Photo credit: ITU
We often hear climate change, defined as a distortion in global or regional weather patterns, is throwing impacts that are great, including annual losses in Gross Domestic Product, and shifts in rainfall patterns and distribution in the Philippines.
Others include droughts, threats to biodiversity and food security, sea-level rise, public health risks, and endangering vulnerable groups like women and indigenous people.
This change in climate patterns has been apparent from the mid to late 20th century onwards and attributed largely to the increased levels of atmospheric carbon dioxide produced by the use of fossil fuels.
Climate experts are solemn while admitting that the planet is warming up at a steady pace, the reason being the increase in human-caused greenhouse gases, which has led to health, ecological and humanitarian crises.
But the experts say the fight against climate change is a real opportunity to transition to a low-carbon society, creating jobs, innovation, and social justice locally and internationally.
We may ask: What has the Philippines done to address this weather episode, which is gobbling up a good slice of the country’s GDP, which today is $450.340 billion (nominal, 2022 est.) $1.110.
A report issued in 2019 by the Institute for Economics and Peace says the Philippines is the country most vulnerable to climate change.
Between 1958 and 2014, the Philippines experienced a 0.62°C increase in yearly average mean temperature, with the rate of change increasing over time. Climate change has resulted in an increase in the amount and intensity of rainfall, with more rainy days observed in recent decades.
According to the report, high temperatures and heavy rainfall are typical of the Philippines’ humid equatorial climate. The average annual rainfall is 2,348 mm, but this varies greatly by location, ranging from 960 mm in southeast Mindanao to over 4,050 mm in central Luzon.
The year-round average temperature in the Philippines is 24°–27°C, with the hottest month being May and the coldest month being January. Humidity levels average around 82 percent, due to warm trade winds, lush vegetation, and abundant rainfall, according to the report.
The dry season in the Philippines occurs from December to May, followed by a rainy season from June to November. A second rainy season occurs from December to February on the eastern and northern coasts. Recently, the Philippines has seen wetter conditions during the dry season.
The Philippines, composed of 7,641 islands, is one of the world’s most typhoon-prone regions, averaging 19–20 typhoons annually, with 7 to 9 making landfall.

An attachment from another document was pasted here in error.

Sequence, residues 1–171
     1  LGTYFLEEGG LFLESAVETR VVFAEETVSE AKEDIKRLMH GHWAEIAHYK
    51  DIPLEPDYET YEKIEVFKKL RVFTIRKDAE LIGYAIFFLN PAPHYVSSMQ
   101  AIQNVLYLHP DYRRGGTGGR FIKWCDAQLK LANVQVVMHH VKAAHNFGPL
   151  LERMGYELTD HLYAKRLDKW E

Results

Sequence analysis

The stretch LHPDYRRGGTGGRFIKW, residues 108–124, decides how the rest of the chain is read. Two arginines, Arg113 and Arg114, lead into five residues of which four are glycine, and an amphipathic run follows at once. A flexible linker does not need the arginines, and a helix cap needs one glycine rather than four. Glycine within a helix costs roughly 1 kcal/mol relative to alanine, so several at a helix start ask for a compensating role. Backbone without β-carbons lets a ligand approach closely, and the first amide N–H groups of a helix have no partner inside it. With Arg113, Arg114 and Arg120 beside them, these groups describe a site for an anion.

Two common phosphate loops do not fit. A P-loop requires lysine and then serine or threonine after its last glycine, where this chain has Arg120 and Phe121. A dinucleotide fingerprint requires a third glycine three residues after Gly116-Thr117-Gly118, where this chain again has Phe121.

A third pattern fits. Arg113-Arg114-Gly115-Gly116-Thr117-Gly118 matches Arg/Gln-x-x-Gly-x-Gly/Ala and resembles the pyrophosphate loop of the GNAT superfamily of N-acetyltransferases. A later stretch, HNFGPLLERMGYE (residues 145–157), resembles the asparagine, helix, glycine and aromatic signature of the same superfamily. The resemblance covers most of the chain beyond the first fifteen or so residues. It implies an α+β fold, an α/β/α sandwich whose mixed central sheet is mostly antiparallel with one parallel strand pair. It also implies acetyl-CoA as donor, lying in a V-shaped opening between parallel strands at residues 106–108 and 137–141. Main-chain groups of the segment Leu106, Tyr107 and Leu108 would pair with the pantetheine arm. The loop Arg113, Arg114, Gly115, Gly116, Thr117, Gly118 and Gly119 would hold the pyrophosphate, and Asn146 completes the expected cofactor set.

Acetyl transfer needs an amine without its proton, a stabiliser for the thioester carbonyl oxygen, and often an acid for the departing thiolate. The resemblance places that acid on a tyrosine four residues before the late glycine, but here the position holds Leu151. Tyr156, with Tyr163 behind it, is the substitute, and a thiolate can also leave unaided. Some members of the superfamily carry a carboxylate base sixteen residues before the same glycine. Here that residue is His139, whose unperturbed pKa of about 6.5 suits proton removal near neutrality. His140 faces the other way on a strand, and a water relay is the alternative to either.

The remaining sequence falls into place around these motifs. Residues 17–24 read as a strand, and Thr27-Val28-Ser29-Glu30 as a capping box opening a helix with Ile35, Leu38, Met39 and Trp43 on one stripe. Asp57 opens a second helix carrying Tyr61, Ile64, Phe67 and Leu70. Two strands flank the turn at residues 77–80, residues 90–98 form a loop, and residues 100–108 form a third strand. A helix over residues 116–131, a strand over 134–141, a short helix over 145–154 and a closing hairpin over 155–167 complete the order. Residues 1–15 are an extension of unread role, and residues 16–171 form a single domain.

The Philippines’ sea levels are rising faster than the global average, posing a greater risk of storm surges and threatening the permanent submergence of low-lying areas, the report says.
Typhoon season in the Philippines is July-October when 70 percent of typhoons develop. The Philippine Atmospheric, Geophysical and Astronomical Services Administration (PAGASA) issues typhoon warnings to the general populace.
The five-year running average indicates that more typhoons occur during El Niño events. El Niño events, which occur every 2 to 7 years on average, cause less rain and typhoon activity. La Niña events, which are less common, result in heavier rainfall and more typhoon activity.
The strongest typhoon in history was super typhoon Haiyan, also known as Yolanda in the Philippines, which had winds of up to 314 kms per hour, killed 6,300 people, and displaced millions.
You may ask: What are the impacts of climate change in the Philippines?
Climate change events include sea-level rise, increased frequency of extreme weather events, rising temperatures, and heavy rainfall which experts say all pose a threat to the Philippines.
Sea levels in the Philippines are rising at roughly twice the global average rate. When particularly powerful storms, such as Typhoon Haiyan, hit land, the higher sea level contributes to storm surges of up to 15–20 feet.
Storm surges are expected to affect 14 percent of the total population and 42 percent of coastal residents. Informal settlements, which make up 45 percent of the Philippines’ urban population, are particularly at risk from flooding due to precarious infrastructure, limited access to clean water, and a lack of health insurance.
This is due to the country’s vulnerability to natural dangers like typhoons and droughts, reliance on climate-sensitive natural resources, and extensive coastline, which are home to major cities and most of the 110 million-plus population.
They add that coastal flooding also poses the greatest threat to the urban poor, many of whom live in makeshift shelters. (ai/mtvn)